1. ^ a b Sassera, D; Beninati, T; Bandi, C; Bouman, EA; Sacchi, L; Fabbi, M; Lo, N (November 2006). "'Candidatus Midichloria mitochondrii', an endosymbiont of the tick Ixodes ricinus with a unique intramitochondrial lifestyle". International Journal of Systematic and Evolutionary Microbiology. 56 (Pt 11): 2535–40. doi:10.1099/ijs.0.64386-0. PMID 17082386.
  2. ^ Montagna, M; Sassera, D; Epis, S; Bazzocchi, C; Vannini, C; Lo, N; Sacchi, L; Fukatsu, T; Petroni, G; Bandi, C (2013). ""Candidatus Midichloriaceae" fam. Nov. (Rickettsiales), an ecologically widespread clade of intracellular alphaproteobacteria". Applied and Environmental Microbiology. 79 (10): 3241–8. doi:10.1128/AEM.03971-12. PMC 3685259. PMID 23503305.
  3. ^ Ferla, M. P.; Thrash, J. C.; Giovannoni, S. J.; Patrick, W. M. (2013). "New rRNA gene-based phylogenies of the Alphaproteobacteria provide perspective on major groups, mitochondrial ancestry and phylogenetic instability". PLoS ONE. 8 (12): e83383. doi:10.1371/journal.pone.0083383. PMC 3859672. PMID 24349502.
  4. ^ Sassera, D.; Lo, N.; Epis, S.; D'Auria, G.; Montagna, M.; Comandatore, F.; Horner, D.; Pereto, J.; Luciano, A. M.; Franciosi, F.; Ferri, E.; Crotti, E.; Bazzocchi, C.; Daffonchio, D.; Sacchi, L.; Moya, A.; Latorre, A.; Bandi, C. (20 June 2011). "Phylogenomic Evidence for the Presence of a Flagellum and cbb3 Oxidase in the Free-Living Mitochondrial Ancestor". Molecular Biology and Evolution. 28 (12): 3285–3296. doi:10.1093/molbev/msr159. PMID 21690562.
  5. ^ Ferla MP, Thrash JC, Giovannoni SJ, Patrick WM (2013). "New rRNA gene-based phylogenies of the Alphaproteobacteria provide perspective on major groups, mitochondrial ancestry and phylogenetic instability". PLOS One. 8 (12): e83383. doi:10.1371/journal.pone.0083383. PMC 3859672. PMID 24349502.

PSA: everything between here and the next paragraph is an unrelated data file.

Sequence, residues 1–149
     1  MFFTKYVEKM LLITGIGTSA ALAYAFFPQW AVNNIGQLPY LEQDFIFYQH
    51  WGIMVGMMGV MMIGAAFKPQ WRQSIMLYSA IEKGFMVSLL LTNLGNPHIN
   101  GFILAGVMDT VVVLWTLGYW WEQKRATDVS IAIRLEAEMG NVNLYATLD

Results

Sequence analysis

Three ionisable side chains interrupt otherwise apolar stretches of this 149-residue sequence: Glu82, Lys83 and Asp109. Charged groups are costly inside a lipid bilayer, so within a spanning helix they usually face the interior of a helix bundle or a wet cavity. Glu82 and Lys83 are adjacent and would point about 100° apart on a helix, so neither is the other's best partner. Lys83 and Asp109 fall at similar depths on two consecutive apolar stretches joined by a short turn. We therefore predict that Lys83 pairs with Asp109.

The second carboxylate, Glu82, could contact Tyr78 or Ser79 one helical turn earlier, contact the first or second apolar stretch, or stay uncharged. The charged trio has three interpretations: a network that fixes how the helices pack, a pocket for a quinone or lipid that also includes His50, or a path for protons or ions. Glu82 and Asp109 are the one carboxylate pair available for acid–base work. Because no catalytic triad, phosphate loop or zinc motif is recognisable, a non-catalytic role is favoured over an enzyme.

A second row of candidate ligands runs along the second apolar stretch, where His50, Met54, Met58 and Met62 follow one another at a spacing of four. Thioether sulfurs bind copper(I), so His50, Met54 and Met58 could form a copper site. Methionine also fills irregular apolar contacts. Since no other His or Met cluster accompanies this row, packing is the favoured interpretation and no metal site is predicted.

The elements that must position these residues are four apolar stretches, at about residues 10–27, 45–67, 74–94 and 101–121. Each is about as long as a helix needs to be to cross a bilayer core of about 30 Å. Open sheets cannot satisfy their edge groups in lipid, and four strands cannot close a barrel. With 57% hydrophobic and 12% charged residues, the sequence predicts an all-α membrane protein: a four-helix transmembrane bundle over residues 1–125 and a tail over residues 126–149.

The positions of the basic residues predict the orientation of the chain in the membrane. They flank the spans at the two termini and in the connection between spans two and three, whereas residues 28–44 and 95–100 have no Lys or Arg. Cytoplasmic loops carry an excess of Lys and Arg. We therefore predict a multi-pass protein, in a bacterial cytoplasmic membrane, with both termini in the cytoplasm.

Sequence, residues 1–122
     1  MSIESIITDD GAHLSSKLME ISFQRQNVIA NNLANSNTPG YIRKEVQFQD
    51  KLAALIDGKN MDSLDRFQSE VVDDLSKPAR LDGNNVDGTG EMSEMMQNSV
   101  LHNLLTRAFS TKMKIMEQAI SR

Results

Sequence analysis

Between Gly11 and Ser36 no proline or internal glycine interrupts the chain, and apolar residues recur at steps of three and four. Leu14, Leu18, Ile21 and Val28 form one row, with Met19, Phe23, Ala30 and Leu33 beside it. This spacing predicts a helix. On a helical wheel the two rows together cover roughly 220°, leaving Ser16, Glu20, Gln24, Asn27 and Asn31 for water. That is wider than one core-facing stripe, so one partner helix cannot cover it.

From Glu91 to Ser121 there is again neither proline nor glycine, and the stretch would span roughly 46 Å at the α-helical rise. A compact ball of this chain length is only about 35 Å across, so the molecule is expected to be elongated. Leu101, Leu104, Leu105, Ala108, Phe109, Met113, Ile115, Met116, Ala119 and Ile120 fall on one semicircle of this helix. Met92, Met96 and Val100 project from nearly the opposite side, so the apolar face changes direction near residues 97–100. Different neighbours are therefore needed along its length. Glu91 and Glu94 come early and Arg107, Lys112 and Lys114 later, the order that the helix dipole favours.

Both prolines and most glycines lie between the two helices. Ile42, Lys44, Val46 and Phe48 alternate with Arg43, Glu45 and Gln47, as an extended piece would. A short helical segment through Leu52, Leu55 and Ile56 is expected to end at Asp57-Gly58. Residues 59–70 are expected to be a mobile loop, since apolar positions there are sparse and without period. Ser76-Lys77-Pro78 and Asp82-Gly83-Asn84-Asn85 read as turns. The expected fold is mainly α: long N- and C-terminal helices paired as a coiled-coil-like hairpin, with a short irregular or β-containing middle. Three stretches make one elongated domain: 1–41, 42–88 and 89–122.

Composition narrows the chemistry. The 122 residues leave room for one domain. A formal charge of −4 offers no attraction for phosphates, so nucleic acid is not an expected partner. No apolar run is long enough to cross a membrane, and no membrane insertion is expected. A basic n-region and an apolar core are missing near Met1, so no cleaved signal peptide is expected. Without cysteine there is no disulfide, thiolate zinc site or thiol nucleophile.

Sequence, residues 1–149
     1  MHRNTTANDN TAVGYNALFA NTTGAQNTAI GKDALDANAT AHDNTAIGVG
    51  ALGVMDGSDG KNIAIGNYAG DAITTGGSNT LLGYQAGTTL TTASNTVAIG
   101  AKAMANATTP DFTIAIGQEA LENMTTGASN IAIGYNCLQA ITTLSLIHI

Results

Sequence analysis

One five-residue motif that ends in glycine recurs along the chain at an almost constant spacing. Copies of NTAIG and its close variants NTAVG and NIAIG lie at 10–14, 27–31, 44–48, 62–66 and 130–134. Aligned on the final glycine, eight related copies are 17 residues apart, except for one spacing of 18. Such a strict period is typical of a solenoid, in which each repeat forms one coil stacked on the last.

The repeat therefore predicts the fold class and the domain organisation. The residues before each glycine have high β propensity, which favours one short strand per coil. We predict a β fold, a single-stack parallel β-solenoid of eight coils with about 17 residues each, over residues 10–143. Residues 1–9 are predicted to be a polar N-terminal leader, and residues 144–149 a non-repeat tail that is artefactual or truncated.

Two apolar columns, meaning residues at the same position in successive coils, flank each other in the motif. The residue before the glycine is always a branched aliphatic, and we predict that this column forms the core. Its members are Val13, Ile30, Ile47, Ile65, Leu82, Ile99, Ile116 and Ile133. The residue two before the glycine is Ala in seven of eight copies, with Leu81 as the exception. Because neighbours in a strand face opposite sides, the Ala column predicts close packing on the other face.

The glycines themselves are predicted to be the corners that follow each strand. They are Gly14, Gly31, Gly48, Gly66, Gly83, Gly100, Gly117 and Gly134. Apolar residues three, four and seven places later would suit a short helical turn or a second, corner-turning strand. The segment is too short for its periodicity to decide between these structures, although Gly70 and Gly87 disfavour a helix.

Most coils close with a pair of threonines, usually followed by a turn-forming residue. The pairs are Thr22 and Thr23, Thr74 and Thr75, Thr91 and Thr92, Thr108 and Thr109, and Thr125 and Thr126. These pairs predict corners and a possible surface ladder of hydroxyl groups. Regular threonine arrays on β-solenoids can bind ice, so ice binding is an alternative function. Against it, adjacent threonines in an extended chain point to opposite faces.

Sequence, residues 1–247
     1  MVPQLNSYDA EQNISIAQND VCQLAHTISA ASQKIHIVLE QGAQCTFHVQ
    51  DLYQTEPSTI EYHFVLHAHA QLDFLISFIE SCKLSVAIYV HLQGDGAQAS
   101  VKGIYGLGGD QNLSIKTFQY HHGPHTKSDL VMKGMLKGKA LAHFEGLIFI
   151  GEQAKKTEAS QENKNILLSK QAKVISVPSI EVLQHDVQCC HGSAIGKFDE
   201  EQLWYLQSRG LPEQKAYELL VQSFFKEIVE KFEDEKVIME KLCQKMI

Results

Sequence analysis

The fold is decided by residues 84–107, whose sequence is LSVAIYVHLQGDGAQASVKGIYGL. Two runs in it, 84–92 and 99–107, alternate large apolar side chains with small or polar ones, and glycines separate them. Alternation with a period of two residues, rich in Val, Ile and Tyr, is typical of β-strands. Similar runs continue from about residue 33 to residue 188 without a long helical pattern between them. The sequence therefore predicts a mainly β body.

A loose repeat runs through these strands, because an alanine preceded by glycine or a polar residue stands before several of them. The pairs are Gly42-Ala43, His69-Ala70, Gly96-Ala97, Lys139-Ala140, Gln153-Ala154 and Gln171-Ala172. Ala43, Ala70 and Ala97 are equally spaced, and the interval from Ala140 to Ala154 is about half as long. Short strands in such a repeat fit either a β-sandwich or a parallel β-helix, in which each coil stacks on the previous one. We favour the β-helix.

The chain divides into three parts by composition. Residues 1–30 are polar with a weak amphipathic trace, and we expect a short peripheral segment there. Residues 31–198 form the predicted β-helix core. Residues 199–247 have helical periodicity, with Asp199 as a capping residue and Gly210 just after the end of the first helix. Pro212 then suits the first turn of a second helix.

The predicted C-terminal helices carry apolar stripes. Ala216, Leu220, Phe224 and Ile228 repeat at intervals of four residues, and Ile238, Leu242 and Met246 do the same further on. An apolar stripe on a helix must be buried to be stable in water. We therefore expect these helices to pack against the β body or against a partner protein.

• Beninati, T.; Lo, N.; Sacchi, L.; Genchi, C.; Noda, H.; Bandi, C. (2004). "A novel alpha-proteobacterium resides in the mitochondria of ovarian cells of the tick Ixodes ricinus". Appl. Environ. Microbiol. 70 (5): 2596–2602. doi:10.1128/aem.70.5.2596-2602.2004. PMC 404433.
  • Sacchi, L.; Bigliardi, E.; Corona, S.; Beninati, T.; Lo, N.; Franceschi, A. (2004). "A symbiont of the tick Ixodes ricinus invades and consumes mitochondria in a mode similar to that of the parasitic bacterium Bdellovibrio bacteriovorus". Tissue Cell. 36 (1): 43–53. doi:10.1016/j.tice.2003.08.004. PMID 14729452.
  • Lo N, Beninati T, Sacchi L, Bandi C (2006b). An alpha-proteobacterium invades the mitochondria of the tick Ixodes ricinus. In Insect Symbiosis II, edited by K. Bourtzis and T. Miller, CRC Press Boca Raton.
  • Epis, S; Sassera, D; Beninati, T; Lo, N; Beati, L; Piesman, J; Rinaldi, L; McCoy, KD; Torina, A; Sacchi, L; Clementi, E; Genchi, M; Magnino, S; Bandi, C (2008). "Midichloria mitochondrii is widespread in hard ticks (Ixodidae) and resides in the mitochondria of phylogenetically diverse species". Parasitology. 135 (4): 485–494. doi:10.1017/s0031182007004052.